Mad Men: Don Draper’s New Relationship With Women

May 28, 2012 — 10 Comments

Spoilers! for Mad Men Season 5 up to Episode 11!

Mad Men’s central character, Don Draper, used to be the coolest guy in the room. That may still be the case for the most part, but Season 5 has painted Don in a new light: the out-of-touch, middle-aged businessman. The generational gap has been a major running theme this season, embodied most clearly in the age gap between Don and his new wife, Megan. But while this theme has been played in the forefront, in the background we’ve seen a more subtle change in Don which came to a head in last night’s episode, “The Other Woman”.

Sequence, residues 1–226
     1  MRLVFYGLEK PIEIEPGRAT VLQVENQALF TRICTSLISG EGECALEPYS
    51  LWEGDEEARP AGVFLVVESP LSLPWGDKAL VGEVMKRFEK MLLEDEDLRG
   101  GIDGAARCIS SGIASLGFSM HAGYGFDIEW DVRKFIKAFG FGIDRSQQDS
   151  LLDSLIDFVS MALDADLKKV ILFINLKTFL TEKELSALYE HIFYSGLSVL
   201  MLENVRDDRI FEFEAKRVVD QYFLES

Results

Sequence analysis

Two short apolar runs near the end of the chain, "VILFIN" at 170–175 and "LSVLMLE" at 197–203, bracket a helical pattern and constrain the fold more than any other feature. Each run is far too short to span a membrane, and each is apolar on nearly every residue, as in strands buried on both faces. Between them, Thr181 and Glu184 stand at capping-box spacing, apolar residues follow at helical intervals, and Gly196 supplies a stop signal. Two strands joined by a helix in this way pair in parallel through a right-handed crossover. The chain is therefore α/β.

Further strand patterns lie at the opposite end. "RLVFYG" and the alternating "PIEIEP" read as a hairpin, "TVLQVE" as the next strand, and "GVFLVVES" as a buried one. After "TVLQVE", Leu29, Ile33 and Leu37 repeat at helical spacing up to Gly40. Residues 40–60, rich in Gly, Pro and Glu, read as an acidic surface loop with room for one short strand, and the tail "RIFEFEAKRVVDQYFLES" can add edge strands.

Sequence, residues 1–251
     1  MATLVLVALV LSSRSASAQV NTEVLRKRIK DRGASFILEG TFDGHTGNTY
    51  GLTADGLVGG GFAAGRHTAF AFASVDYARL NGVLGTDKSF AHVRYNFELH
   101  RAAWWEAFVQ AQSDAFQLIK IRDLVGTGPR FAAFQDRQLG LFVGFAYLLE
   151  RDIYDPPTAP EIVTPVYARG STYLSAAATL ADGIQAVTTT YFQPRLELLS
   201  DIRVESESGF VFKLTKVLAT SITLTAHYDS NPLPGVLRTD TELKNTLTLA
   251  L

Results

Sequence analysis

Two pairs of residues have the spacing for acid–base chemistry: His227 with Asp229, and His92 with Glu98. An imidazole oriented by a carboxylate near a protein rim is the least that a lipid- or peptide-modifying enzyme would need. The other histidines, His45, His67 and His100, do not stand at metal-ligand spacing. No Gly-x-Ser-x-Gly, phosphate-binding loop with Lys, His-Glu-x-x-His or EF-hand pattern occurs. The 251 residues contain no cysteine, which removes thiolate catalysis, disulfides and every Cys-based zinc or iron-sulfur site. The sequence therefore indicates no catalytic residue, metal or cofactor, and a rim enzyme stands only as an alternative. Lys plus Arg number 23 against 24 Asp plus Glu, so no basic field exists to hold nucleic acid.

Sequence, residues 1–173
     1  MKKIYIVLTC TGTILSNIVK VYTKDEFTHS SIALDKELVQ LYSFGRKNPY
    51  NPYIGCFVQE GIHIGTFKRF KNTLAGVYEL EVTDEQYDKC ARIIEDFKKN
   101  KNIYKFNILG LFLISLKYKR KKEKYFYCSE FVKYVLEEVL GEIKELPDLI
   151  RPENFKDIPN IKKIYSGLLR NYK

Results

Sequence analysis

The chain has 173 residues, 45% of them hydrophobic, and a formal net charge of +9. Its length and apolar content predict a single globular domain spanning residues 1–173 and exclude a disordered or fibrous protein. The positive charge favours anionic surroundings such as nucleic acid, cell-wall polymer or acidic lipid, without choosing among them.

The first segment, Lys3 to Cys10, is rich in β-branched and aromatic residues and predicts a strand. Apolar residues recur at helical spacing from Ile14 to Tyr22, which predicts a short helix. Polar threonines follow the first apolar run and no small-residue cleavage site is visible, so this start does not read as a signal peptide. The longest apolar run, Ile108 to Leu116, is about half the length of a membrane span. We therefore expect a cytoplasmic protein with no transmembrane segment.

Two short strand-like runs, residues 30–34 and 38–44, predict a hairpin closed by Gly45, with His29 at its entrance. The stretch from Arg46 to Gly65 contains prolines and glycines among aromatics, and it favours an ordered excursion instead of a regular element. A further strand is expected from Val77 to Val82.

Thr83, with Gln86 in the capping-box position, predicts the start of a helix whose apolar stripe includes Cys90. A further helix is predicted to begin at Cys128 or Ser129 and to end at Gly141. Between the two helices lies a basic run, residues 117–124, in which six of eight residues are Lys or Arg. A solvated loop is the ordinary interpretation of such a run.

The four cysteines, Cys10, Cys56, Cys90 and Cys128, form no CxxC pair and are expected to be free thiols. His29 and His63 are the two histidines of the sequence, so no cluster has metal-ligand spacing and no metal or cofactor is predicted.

In the past, Don Draper has been defined by his relationships with women. Specifically, Don has been the great philanderer. His approach to the women in his life has been primarily one of domineering, almost always sexually. Don controls the women in his life, or at least, he used to. The first break in this trend was marrying Megan. Not only are they far apart in age, but Megan represents the opposite of his previous wife, Betty. Where Betty was quiet and obedient, Megan is loud and upfront. Both characters often act like petulant children, but Betty usually displays this trait by being cold selfish. Megan is more primal, prone to lashing out in fits of rage. Don could control Betty. He can’t control Megan, and he doesn’t totally seem to want to. Part of what seems to appeal to him about their marriage is Megan’s unpredictability. She adds spice and vigor to his otherwise dry life. It’s not just Megan, though.